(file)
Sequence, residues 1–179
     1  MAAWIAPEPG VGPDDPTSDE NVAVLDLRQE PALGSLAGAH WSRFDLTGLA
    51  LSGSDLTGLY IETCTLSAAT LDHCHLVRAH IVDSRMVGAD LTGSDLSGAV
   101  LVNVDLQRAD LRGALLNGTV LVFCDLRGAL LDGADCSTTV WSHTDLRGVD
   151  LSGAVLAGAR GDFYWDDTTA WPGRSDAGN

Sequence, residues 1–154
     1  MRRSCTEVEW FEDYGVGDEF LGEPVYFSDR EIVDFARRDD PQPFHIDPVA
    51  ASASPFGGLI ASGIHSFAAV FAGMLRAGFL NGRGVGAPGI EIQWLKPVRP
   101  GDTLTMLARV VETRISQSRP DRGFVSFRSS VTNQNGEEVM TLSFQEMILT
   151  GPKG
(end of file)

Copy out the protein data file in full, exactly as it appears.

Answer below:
Sequence, residues 1–179
     1  MAAWIAPEPG VGPDDPTSDE NVAVLDLRQE PALGSLAGAH WSRFDLTGLA
    51  LSGSDLTGLY IETCTLSAAT LDHCHLVRAH IVDSRMVGAD LTGSDLSGAV
   101  LVNVDLQRAD LRGALLNGTV LVFCDLRGAL LDGADCSTTV WSHTDLRGVD
   151  LSGAVLAGAR GDFYWDDTTA WPGRSDAGN

Sequence, residues 1–154
     1  MRRSCTEVEW FEDYGVGDEF LGEPVYFSDR EIVDFARRDD PQPFHIDPVA
    51  ASASPFGGLI ASGIHSFAAV FAGMLRAGFL NGRGVGAPGI EIQWLKPVRP
   101  GDTLTMLARV VETRISQSRP DRGFVSFRSS VTNQNGEEVM TLSFQEMILT
   151  GPKG